QUICK ESCAPE FROM SITE

Specific Criminal Offences

Criminal provisions addressing the following should be included in legislation to combat sex trafficking:

  • Criminal sex trafficking offences by traffickers and buyers
  • Attempt sex trafficking offences (those who attempt sex trafficking should be held accountable in line with the offence of “attempt” of other serious crimes)
  • Aiding and abetting (those who assist and participate in the sex trafficking of others should be held accountable in line with the offence of “aiding and abetting” other serious offences)
  • Accomplice liability for sex trafficking
  • Organizing and directing others to commit sex trafficking offences
  • Unlawful use of documents in furtherance of sex trafficking
  • Unlawful disclosure of the identity of victims or witnesses
  • Aggravating circumstances for sex trafficking offences
  • Punishment for public officials involvement and complicity in trafficking and related exploitation

(See: UN Trafficking Protocol, Art.5; UNODC Model Law Against Trafficking in Persons, Chapters V and VII, 2009; UN Recommended Principles and Guidelines on Human Rights and Human Trafficking, Guideline 4(10); UNHCR Guidelines on International Protection: The application of Article 1A(2) of the 1951 Convention and/or 1967 Protocol relating to the Status of Refugees to victims of trafficking and persons at risk of being trafficked, Section II(d)(21-24), 9-10, 2006)

Promising Practices: 

European Union Directive 2011/36/EU addresses punishment for involvement and complicity in trafficking by public officials by listing it as an aggravating circumstance. In Article 4(3), the directive states that “Member States shall take the necessary measures to ensure that the fact that an offence referred to in Article 2 [offences concerning trafficking in human beings] was committed by public officials in the performance of their duties is regarded as an aggravating circumstance.” (See: Directive 2011/36/EU, Article 4(3), European Union, 2011)

Thailand’s 2008 Law criminalizing sex trafficking includes increased penalties for public officials, those acting as public officials, members of government and members of government that are charged with enforcing the anti-trafficking framework. Specifically, the law states:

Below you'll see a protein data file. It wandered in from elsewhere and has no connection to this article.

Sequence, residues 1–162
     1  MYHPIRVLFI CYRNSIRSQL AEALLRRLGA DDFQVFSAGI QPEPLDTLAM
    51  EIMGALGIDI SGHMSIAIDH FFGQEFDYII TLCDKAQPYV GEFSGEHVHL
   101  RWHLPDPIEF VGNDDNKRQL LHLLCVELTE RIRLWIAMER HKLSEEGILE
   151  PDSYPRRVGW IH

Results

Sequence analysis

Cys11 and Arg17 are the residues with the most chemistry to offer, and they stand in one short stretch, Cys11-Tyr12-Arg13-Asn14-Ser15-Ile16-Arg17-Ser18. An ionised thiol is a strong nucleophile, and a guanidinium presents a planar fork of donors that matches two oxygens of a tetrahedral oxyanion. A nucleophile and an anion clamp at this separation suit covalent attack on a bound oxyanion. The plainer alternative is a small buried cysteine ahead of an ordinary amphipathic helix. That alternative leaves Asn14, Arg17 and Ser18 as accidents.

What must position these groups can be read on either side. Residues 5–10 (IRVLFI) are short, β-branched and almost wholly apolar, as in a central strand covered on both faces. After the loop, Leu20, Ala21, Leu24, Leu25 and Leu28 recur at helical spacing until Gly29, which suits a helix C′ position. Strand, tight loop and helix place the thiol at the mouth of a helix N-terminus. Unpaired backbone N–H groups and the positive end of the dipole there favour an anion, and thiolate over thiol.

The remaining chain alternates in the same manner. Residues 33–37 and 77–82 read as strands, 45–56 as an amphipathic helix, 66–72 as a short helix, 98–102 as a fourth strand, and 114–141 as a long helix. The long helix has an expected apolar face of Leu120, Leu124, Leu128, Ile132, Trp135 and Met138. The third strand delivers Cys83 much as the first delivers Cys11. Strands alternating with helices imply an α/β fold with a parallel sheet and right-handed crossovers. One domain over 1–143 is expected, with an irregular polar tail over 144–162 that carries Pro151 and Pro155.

Section 12

Whoever commits the offences under this Act by professing himself to be an official and exercising the functions of an official without being an official having the power to do so, shall be liable to twice the punishment stipulated for such offence.

Section 13

Whoever, in the capacity as a member of the House of Representatives, member of the Senate, member of a Local Administration Council, Local Administrator, Government Official, employee of the Local Administration  Organization, or employee of an organization or a public agency, member of a board, executive, or employee of state enterprise, an official, or member of a board of any organization under the Constitution, commits an offence under this Act shall be liable to twice the punishment stipulated for such offence. Any member of the Committee, member of Sub-Committee, member of any working group and competent official empowered to act in accordance with this Act, committing an offence under this Act, shall be liable to thrice the punishment stipulated for such offence. (See: The Anti-Trafficking in Persons Act, B.E 2551 (2008), Sections 12-13, 2008)

 

Drafters should review the common elements found in model legislation and existing laws against sex trafficking. (See Resources for Drafting Laws on Sex Trafficking) In addition, drafters should be aware of the effectiveness of current sex trafficking legislation by reviewing reports on the implementation of such laws. The United Nations Office on Drugs and Crime (UNODC) and the United States Department of State publish annual reports on trafficking in persons. Drafters should review these assessments of national governments’ responses to sex trafficking around the world in order to incorporate lessons learned into new draft laws on the sex trafficking of women and girls. Drafters may also wish to review the submissions of their respective national governments to the Committee on the Elimination of Discrimination against Women as well as the concluding observations of this committee on the state party’s reports.  Shadow reports by non-governmental organizations should also be consulted whenever drafters review government submissions to ensure drafters are aware of the on-the-ground response to government efforts to draft and implement sex trafficking laws. 

The UNODC 2012 Global Report on Trafficking in Persons indicates that 134 out of the 162 countries and territories in its report have criminalized human trafficking. An additional 19 countries or territories have legislation restricted to some forms of exploitation and/or to limited categories of victims. These numbers show progress internationally, with countries either adopting or amending laws in order to comply with the UN Trafficking Protocol. The report further identifies that the number of countries that have legislation criminalizing only some aspects of human trafficking has dropped from 17 percent in 2008 to 11 percent in 2012. (See: UNODC 2012 Global Report on Trafficking in Persons, UNODC, 2012)